I’m so glad I’m not the only one who isn’t into Clara. I’m trying so hard to like her, but honestly, you lot are right – she hasn’t been given a whole lot of personality so far. I feel like Oswin had much more.

    And from the very beginning of the episode, I sensed a romantic inclination between Palmer and Emma. It was subtle, but it was there. I didn’t have any trouble believing in it. :)

  • Veronica Viscardi

    It may be that the difference are culturally constructed, but point is we are different. And I don’t mean in a : boys like to play with cars, girls with dollies, kind of way. Sure, we are all human beings and plenty of girls prefer playing with cars, but still we are still women. I am an un-feminine woman, in a way : I pracyice bow, I read and write sci-fi, and I don’t care that much for clothes; still, I recognize when a fantasy or sci-fi heroine is written like a guy in disguise. You can’t just switch the pronouns; it’s lazy writing, at the best.

  • Jerry Rudasill

    The only thing I have to say about the gender roles in this episode is, “1974″. Much different than today.

  • Mandy

    YES! I agree with all of your comment. I was/am way more into her as Oswin and as her Victorian persona than I am plain ole human Clara. As charming as the actress is I just can’t get into regular Clara. She is fast paced and curious and…spunky? Like, I really need to know more about her maybe? I just haven’t seen a reason to love her yet. When characters like Amy or Donna really just were unique and sucked me in as interesting charcters from their first eqisode I feel like Clara/Oswin started out awesome but now is just meh.

    I actually really like the article’s description of her as the Doctor’s Manic Pixie Dream Human who’s going to help the Doctor get over the Ponds. I mean that is a bad trope but I feel like it’s kinda what is going on.

  • Mandy

    I def agree about Coleman and Gillen. I really feel like the actresses (& actors at times) are really working hard to hold up scenes with weaker dialogue or weak plots. The awesome acting/ability of the actors to shine through and charm me and really make me care about their characters is getting me through the not so great bits of writing.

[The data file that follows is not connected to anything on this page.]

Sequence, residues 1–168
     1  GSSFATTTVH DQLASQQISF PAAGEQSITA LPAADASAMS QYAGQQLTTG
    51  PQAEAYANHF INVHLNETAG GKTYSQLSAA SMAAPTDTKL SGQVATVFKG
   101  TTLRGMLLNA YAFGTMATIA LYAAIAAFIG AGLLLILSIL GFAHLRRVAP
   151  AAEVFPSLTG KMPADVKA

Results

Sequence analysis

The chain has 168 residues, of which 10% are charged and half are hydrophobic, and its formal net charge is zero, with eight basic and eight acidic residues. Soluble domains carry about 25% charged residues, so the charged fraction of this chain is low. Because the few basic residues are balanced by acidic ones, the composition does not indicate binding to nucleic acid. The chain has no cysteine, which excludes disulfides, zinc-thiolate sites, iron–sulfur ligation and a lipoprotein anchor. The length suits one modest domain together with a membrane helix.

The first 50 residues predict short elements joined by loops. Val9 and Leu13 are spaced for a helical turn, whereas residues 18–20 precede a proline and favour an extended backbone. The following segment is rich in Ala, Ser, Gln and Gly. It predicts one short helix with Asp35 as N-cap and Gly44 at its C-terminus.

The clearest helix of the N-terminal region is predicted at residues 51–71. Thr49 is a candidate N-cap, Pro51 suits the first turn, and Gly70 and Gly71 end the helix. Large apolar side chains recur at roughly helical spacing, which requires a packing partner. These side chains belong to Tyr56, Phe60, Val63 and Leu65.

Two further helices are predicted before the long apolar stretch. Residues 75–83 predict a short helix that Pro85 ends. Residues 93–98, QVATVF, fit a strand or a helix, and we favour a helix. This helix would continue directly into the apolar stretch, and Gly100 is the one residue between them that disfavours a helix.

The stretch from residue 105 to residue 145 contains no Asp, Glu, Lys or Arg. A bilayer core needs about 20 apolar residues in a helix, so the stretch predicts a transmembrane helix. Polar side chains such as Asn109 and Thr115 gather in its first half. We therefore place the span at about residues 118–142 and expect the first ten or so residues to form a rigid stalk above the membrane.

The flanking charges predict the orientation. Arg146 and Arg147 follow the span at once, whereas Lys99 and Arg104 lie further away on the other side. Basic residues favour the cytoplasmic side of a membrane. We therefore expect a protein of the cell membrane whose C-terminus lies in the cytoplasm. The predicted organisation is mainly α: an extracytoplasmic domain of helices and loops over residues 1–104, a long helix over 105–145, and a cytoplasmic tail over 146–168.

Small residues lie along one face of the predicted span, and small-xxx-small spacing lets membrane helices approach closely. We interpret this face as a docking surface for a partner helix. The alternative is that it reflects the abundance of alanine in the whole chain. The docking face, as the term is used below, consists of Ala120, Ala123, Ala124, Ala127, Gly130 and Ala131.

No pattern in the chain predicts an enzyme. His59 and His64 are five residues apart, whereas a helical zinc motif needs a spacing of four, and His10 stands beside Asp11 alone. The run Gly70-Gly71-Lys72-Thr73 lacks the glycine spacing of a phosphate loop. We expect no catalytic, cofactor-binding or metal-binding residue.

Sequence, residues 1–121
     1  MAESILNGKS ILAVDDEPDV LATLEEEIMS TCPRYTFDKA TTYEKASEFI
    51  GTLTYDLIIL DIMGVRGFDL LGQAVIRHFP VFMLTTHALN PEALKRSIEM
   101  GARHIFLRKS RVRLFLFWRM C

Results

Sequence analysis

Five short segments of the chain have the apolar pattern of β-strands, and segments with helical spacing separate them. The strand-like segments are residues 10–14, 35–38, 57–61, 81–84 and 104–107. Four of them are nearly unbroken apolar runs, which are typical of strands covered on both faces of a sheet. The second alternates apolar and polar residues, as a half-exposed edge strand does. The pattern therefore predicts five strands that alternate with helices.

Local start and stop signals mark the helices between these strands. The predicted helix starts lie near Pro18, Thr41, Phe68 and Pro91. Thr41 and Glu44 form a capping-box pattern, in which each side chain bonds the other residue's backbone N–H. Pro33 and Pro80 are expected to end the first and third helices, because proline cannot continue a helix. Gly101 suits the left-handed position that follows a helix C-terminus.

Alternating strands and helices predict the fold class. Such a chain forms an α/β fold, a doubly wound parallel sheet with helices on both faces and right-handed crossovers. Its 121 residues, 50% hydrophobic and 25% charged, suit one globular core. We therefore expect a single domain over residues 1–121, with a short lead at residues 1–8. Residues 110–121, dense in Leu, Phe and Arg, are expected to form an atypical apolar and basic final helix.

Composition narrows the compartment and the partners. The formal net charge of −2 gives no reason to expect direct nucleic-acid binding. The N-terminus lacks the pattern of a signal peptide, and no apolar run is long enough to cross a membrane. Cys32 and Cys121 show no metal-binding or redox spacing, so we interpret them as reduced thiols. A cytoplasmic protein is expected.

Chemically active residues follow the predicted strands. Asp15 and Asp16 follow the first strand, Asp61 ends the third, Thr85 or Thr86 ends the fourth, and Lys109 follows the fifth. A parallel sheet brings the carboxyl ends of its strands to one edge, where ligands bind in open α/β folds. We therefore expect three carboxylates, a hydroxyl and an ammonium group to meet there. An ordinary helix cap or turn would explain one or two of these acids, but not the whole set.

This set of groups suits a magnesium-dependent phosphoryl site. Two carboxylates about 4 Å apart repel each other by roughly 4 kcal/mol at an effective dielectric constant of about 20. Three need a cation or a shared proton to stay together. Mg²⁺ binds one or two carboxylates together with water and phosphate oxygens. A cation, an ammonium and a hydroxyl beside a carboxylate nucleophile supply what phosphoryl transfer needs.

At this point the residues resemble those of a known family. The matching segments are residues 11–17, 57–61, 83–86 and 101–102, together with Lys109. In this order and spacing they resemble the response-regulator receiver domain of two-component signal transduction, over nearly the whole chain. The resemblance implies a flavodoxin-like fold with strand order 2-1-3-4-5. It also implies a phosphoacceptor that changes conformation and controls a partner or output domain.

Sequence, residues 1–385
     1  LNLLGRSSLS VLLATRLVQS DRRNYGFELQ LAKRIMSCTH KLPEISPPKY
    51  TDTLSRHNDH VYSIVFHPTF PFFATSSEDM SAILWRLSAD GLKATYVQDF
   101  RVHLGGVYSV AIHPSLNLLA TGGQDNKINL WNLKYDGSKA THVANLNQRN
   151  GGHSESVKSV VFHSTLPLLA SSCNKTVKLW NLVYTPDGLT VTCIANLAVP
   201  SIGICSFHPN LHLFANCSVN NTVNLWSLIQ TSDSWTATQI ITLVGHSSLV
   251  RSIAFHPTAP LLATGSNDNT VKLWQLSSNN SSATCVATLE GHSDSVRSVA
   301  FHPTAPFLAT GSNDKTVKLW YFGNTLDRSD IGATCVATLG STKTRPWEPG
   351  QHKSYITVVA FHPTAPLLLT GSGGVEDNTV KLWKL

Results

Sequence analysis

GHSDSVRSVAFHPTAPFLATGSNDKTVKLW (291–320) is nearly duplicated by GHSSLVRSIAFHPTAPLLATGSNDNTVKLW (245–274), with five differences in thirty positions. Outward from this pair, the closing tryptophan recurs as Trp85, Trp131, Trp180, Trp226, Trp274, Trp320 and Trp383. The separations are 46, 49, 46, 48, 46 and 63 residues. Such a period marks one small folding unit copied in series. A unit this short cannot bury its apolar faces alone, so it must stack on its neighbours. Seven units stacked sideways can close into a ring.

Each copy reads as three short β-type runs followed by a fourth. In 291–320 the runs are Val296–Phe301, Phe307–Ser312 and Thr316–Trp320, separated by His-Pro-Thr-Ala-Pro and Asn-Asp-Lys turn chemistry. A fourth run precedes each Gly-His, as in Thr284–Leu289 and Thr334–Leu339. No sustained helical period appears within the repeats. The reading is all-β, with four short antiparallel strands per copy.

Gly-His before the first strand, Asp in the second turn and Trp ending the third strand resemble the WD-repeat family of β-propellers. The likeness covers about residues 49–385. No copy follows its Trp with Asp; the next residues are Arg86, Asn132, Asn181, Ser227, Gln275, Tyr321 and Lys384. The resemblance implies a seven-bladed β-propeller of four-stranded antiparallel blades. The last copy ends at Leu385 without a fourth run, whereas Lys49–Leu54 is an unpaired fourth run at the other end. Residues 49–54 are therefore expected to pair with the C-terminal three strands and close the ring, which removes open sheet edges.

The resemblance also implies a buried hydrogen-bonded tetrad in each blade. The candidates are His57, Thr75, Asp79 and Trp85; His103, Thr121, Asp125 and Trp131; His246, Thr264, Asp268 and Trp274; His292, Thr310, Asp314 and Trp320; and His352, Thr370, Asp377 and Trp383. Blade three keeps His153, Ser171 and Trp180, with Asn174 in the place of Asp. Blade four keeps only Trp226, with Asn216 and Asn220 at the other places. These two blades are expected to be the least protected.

• Incredibly Awesome

    basically it’s just a Plot Point – his love of humans makes him more relatable to the audience.

  • Incredibly Awesome

    not that I don’t agree – :)

  • Anonymous

    The Doctor being so interested in humans because they look like Time Lords is my head canon.

  • Anonymous

    I felt that way about Amy Pond.

  • Kevin Burnard

    And doesn’t this episode score any points for having an awesome pioneer time traveling character who is willing to risk HERself for the good of science and humanity? Doesn’t that count for anything?

  • Tora

    Gender IS socially constructed so why should that not matter in regards to gender differences? It’s not innate, it’s LEARNED. Even then, women are more different from each other than the average woman is from the average man. PEOPLE are different.

    And if an author wrote a man as a fully-rounded unique individual and not a stereotype (as there are male stereotypes too), then switching gender would require little more than switching pronouns. So I agree wholeheartedly with Ravenlunatick.